It’s week two of church camp for me; fixing boo-boos, giving kids their medicine, checking to make sure sunscreen has been amply applied, and a host of other ‘mom-type’ things they need done for them when they’re away from home.
One thing I’ve noticed with the kids this age (8 to 10) is that they have very different perceptions of what is and isn’t a big deal. For example, one night while playing hide-n-seek three or four of the kids fell and scraped their shins or knees.
A couple of them were pretty ‘good’ scrapes that required a good washing with soap and water followed by ointment and a bandage or two. Both of these kids were far more concerned about getting back out there to play than they were the blood oozing from their knees.
Another child, however, came to me sobbing and moaning as if they’d just been critically injured. In fact, I heard her before I saw her and thought, “Oh, my gosh, this is gonna be bad!” It wasn’t. She’d barely scratched the surface of the skin. It wasn’t even bandaid-worthy. I wiped her knee, dried her tears, gave her a hug, promised her she was going to live, and then sent her back out to finish the game.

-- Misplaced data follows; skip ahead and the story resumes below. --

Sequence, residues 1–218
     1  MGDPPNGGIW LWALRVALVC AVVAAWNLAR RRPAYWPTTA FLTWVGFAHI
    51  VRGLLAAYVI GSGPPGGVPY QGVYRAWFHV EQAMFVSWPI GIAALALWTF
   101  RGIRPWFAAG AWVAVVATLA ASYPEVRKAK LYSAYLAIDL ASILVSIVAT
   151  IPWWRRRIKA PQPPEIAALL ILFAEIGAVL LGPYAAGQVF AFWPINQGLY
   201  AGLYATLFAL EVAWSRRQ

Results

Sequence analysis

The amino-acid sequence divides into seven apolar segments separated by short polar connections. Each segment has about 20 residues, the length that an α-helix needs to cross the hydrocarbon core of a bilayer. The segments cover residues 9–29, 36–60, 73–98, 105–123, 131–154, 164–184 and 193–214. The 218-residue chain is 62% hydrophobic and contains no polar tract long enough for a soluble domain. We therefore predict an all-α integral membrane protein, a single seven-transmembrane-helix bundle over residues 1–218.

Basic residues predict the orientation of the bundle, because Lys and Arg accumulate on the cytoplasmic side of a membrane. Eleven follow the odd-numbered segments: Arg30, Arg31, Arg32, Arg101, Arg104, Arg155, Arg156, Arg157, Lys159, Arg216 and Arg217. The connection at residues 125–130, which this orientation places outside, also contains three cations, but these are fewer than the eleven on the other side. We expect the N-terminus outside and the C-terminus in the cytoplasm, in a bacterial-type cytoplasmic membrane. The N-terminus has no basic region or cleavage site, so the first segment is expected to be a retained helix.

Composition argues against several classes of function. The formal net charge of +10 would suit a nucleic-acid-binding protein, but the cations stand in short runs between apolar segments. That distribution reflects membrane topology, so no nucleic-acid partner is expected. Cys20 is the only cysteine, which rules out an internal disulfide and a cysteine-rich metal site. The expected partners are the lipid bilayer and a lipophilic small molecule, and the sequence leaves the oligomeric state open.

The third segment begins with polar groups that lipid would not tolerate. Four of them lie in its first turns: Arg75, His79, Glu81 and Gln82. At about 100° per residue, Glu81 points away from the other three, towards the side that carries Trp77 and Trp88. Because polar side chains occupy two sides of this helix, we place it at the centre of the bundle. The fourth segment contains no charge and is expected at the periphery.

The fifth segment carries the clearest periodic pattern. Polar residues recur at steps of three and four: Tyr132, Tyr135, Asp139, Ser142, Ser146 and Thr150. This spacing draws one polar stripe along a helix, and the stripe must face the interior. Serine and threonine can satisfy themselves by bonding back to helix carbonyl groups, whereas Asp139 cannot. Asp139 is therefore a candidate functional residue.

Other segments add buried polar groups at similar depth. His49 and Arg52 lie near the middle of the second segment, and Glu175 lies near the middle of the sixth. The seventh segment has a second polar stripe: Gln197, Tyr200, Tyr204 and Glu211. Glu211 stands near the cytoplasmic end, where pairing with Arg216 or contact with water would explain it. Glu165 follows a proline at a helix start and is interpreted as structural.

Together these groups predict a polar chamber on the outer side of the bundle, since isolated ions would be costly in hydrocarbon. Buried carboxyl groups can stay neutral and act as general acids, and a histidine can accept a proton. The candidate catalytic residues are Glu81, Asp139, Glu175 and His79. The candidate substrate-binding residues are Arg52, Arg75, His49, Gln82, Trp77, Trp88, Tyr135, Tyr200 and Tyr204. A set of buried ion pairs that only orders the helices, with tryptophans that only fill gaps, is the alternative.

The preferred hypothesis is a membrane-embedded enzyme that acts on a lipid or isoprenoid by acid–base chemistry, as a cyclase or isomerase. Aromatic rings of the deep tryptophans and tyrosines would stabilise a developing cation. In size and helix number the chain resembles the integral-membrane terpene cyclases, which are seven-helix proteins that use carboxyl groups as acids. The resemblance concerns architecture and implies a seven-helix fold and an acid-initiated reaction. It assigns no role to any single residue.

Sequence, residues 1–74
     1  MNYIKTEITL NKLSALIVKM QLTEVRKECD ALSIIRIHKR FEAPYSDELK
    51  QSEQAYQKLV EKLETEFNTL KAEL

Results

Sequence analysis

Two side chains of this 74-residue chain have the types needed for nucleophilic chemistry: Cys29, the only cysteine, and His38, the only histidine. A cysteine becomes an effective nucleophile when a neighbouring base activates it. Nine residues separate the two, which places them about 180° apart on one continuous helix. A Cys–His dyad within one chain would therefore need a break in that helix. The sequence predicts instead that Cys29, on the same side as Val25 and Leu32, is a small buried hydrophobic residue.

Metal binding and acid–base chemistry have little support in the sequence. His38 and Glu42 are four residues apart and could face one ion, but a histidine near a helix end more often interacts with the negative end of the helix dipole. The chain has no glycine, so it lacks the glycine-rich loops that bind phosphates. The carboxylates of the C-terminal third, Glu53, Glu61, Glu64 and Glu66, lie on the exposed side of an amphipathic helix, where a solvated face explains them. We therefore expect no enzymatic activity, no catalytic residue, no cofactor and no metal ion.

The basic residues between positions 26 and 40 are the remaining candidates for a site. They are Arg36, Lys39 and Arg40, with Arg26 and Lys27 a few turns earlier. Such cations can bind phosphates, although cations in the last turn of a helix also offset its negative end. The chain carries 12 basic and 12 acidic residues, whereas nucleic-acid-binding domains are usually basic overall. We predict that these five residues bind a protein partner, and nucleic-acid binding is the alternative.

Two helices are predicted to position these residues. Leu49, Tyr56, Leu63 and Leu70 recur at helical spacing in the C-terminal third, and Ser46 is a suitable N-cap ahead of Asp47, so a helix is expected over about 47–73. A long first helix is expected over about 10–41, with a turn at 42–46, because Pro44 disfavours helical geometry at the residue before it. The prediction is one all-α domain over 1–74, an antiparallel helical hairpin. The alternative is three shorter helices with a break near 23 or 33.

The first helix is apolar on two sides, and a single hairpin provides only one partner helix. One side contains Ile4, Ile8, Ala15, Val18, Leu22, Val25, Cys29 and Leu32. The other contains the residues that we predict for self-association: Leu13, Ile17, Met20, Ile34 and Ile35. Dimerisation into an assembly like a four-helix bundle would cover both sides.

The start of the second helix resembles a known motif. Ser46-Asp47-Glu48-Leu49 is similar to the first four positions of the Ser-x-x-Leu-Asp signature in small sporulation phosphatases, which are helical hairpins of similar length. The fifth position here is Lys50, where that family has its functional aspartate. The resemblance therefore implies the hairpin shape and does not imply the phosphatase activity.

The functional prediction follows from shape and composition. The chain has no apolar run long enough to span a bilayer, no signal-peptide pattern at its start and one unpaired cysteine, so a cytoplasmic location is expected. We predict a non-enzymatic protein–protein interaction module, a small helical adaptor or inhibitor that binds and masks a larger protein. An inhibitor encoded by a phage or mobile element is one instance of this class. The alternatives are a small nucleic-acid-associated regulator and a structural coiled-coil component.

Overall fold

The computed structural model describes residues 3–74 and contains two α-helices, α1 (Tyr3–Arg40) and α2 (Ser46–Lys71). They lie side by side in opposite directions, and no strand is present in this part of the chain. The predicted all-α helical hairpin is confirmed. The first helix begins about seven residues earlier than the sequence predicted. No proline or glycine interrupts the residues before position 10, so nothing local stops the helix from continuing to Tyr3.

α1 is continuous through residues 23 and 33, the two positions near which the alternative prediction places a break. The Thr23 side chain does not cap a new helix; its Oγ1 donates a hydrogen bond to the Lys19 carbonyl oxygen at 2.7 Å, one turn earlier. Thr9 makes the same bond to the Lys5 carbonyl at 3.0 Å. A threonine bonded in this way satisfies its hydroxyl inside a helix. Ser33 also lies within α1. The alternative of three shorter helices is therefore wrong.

As she left (limping as though her leg was about to fall off) I thought about how more often than not, we as parents need to tech our kids to ‘shake it off’ and go on instead of treating every disappointment, every boo-boo, and every rejection like it is the end of the world.
I’m not saying we need to raise up a generation of emotionless, hard-hearted young people. And I’m not saying we shouldn’t be sensitive to our children’s physical and emotional pain. Not at all! But what I am saying is this: children need to have a solid understanding of what is and isn’t worth getting upset over. So what if they don’t make varsity! So what if they don’t get all A’s! So what if they don’t get to go to someone’s party! So what if you tell them no and they don’t like it!
Your kids need to learn that there are a lot of things in life that simply aren’t worth getting upset over and they need to learn that from you! They need to see you as someone who is calm, sensible, able to deal well with stress and who doesn’t panic or over-react. They need to see you model these behaviors so they can be this person, too.
copyright 2016 Darla Noble. No part of this can be used or copied without permission from the author.